Saturday, April 3, 2010

La Tierra Del Sol y Cobre

So it has been quite a while since I've updated this! I'll try to be more regular with my posting - sometimes it feels like life here is on fast-forward. I can't believe I've been here for over a month already!! In any case, I have a lot to catch up on, so I'll cut to the chase!
Following my last post, my program took us on an education excursion to the north. It was nice to get out of the city for a few days, plus it was absolutely beautiful up there! We had to fly to Antofogasta (which by bus is apparently a painful 26 hour trip -- good motivation for us sleepy college kids to be on time to our 7:00 AM bus ride to the airport!) And by airport, I actually mean the parking lot of the airport.
It was quite impressive really to see such a large operation in tents next to the runway. It was even complete with white boards of flight arrival times, an overpiced Chilean knick knack store, and best of all a temporary Dunkin Donuts stand! (Did I forget to mention that Chileans run on Dunkin? No joke, Coolattas are new frappachino... yum?)
We breezed through check in and security to find ourselves literally on the runway. It felt very Air Force One to walk up to the plane, plus the sun was just rising over the mountains so I was a fan.

Just looking out the window of the plane I could tell I liked where we were headed. We landed in what looked like a complete desert wasteland. But on our bus ride down to where we staying, we veered east to the coast to see the ocean. It was definitely weird to see so much water so close to completely arid desert.
In any case, upon arriving to Antofogasta, we definitely realized we were out of the metroplotan bubble that is Santiago. Antofogasta is the fifth largest city in Chile, and mainly exists due to the large scale copper operations that speckle this otherwise desolate, desertland.
We had the rest of the afternoon to explore the city, but ended up not finding much apart from a sketchy circus next to a giant mall that puts the Carousel to shame. It was odd to see such a sparkling center of commerce in a city that, at least where we were staying, seemed pretty low-income and run down. We copped out of braving a local restaurant after we had a slightly lunch experience (although it did include straight from the spicket, fire-roasted chicken, yum!) for a trip to TGI Fridays, where even in Chile, the waiters are required to wear flare. Thank you United States of America -- your contributions to the world are countless. The following day we headed to Universidad Catolica del Norte, a school perhaps not as used to foreign exchange students as the institutions in Santiago, as people literally stopped in their tracks upon seeing our group of overly pale Americans. Nonetheless, the campus was beautiful (it had some sweet grafiti!), plus we had some great lectures about the mining economy in the north.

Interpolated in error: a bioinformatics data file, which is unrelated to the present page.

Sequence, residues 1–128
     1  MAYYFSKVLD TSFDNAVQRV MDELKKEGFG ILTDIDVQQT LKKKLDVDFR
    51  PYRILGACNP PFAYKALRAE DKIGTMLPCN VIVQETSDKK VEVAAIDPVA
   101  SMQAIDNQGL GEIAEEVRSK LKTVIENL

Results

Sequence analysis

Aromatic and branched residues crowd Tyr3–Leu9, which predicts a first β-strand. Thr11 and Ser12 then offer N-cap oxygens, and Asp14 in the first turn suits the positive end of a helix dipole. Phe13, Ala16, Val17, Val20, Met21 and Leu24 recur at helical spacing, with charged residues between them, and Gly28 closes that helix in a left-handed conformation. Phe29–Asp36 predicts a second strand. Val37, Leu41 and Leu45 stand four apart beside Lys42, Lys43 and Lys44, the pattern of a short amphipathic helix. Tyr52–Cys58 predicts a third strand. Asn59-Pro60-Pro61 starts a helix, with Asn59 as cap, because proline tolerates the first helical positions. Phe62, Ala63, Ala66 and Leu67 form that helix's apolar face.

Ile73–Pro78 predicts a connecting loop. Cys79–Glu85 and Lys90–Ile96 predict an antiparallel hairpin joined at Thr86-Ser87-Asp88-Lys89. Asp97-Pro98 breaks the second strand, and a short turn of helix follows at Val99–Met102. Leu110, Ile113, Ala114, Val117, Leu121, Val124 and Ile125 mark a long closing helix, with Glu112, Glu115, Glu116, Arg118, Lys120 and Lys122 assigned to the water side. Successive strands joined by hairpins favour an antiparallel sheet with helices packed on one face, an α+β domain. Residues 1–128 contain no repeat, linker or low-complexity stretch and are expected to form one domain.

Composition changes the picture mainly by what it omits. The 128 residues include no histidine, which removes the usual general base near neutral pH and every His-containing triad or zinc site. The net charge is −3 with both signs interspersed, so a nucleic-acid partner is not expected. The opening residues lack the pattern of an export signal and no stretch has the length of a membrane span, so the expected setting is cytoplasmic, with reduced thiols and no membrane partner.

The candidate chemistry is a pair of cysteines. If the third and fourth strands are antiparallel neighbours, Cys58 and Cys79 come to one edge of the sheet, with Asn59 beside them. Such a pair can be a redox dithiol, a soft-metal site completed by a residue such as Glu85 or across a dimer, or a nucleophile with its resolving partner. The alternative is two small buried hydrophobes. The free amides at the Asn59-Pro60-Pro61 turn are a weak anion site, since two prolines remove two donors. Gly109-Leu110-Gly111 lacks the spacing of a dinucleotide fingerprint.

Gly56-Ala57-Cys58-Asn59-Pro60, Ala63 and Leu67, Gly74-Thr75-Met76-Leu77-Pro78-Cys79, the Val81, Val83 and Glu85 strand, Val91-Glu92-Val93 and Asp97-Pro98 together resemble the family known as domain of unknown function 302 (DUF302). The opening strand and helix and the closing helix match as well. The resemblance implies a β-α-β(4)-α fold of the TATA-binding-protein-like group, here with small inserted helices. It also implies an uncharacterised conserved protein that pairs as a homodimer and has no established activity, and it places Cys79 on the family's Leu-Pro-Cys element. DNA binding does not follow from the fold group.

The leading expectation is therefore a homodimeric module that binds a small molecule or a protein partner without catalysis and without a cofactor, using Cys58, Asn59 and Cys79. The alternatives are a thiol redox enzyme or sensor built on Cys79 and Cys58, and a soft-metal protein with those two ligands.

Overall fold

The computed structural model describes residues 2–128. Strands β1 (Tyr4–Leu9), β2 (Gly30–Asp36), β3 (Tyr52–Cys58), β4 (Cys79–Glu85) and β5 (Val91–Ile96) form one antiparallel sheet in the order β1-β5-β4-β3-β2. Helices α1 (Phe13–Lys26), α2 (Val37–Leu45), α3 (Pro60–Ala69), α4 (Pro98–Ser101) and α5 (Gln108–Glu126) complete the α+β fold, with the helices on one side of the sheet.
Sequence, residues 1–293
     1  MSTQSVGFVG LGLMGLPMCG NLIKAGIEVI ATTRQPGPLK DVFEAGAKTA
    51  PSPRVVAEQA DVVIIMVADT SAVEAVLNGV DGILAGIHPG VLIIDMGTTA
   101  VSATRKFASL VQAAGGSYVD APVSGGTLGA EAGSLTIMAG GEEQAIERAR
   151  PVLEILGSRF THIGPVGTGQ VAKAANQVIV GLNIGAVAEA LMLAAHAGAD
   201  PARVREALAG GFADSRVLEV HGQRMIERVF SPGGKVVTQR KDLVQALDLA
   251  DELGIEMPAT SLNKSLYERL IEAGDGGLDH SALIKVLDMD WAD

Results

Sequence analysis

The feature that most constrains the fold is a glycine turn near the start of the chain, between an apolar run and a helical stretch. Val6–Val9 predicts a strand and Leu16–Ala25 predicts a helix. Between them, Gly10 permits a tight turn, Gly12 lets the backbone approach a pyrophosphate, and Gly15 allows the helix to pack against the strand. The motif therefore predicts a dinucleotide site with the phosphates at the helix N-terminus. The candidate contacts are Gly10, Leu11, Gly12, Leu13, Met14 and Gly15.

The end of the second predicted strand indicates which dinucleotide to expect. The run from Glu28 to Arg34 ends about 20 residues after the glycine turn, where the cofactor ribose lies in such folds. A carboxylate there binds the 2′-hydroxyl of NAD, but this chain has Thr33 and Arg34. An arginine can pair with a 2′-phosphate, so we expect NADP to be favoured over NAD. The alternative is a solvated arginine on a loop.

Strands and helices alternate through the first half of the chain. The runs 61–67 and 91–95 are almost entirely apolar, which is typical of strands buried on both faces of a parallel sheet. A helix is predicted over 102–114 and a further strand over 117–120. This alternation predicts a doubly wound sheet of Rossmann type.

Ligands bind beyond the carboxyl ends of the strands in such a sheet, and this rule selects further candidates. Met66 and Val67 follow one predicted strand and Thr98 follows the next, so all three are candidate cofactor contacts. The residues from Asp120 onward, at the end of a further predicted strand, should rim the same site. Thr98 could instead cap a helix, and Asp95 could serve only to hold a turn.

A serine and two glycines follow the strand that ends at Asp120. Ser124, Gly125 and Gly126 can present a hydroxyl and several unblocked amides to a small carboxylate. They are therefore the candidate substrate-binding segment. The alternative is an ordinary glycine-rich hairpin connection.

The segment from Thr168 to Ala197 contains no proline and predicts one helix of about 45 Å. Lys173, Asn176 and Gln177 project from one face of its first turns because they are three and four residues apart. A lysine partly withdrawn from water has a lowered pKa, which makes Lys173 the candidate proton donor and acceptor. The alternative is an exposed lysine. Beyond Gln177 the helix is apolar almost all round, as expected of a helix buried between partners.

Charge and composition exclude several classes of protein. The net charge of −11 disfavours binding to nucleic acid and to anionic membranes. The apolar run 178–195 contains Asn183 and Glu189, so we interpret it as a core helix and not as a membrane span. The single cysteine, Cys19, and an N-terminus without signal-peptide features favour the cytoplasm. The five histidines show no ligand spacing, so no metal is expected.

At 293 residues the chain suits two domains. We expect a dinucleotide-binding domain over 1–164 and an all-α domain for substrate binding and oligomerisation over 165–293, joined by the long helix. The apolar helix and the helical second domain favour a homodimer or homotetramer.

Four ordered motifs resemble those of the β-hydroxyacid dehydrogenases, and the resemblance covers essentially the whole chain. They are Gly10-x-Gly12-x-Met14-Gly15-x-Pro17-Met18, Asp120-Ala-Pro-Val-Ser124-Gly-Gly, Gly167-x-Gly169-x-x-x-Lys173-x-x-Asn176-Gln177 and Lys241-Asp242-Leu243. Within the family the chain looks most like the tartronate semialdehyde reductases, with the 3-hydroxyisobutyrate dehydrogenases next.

Next we drove across the desert to Calama, which had some breath-taking desert scenery, and we got to see giant mining equipment go hurtling down the highway. The next day we actually got to visit Radomiro Tomic, the largest mine of CODELCO, the largest state-owned mining operation. We spent the day driving around the dusty site with our cheery guide Carlos Gomez to learn about the extraction and refining process of this precious metal. I had forgotten how water intensive this process is ... which is interesting to think about when you consider that this mine is in the middle of (what our guide claimed as) "the most arid desert in the world." Also comical was the size of the tiny ecological center in charge of public outreach ... I got the vibe it was more of a PR kind of thing.

Anyways, I'll dismount my environmental high horse to tell about my time in San Pedro de Atacama, my favorite stop on the excursion by far! A very traditional-looking, small touristy town, this pueblo was absolutely pictursque. After checking into our funky-chic hostel complete with an open air courtyard and whitewashed walls, we explored the dirt-road streets to find a place to eat.
It evident that much of the stores and restaurants existed mainly due to the inpouring of tourists from every continent. Travelers are drawn here by the amazing natural scencery, which we experienced as we watched the sun set over the desert our second night. We also met a lot of cool people - I am proud to say I sat down to dinner with a group of Argentineans, Spaniards, Italians, and even a Slovenian, all at the same table. This was the same night thatI learned that the cool nickname of my name is not "Flo" but "Floppy," at least according to a group of guitar strumming Argentinean geologists, that maybe (just maybe!) have been pulling my leg.

Nonetheless our stay here was highlighted by amazing views in the Valle de la Luna. And although getting up early on the final day was a rough start to a Friday, we got to watch the sun rise over the desert. Being there made me realize how much I miss California, especially Modoc National Forest.

We made our way back to the 'ago by plane from Calama (at a cutsie little airport with about one and half terminals.) Disembarking back onto the Santiago blacktop, you could feel the difference in humidity from where we had just come from. Also, the baggage claim was set up in a line in the parking lot - it kind of looked like a jumble sale free for all.

Since being back in the city, I have learned that my father will be in town soon for a conference! I am really excited to see him again and my host family is eager to have him over for dinner.

Thanks for reading! I'll be posting again later this week to catch up on all of my stories!


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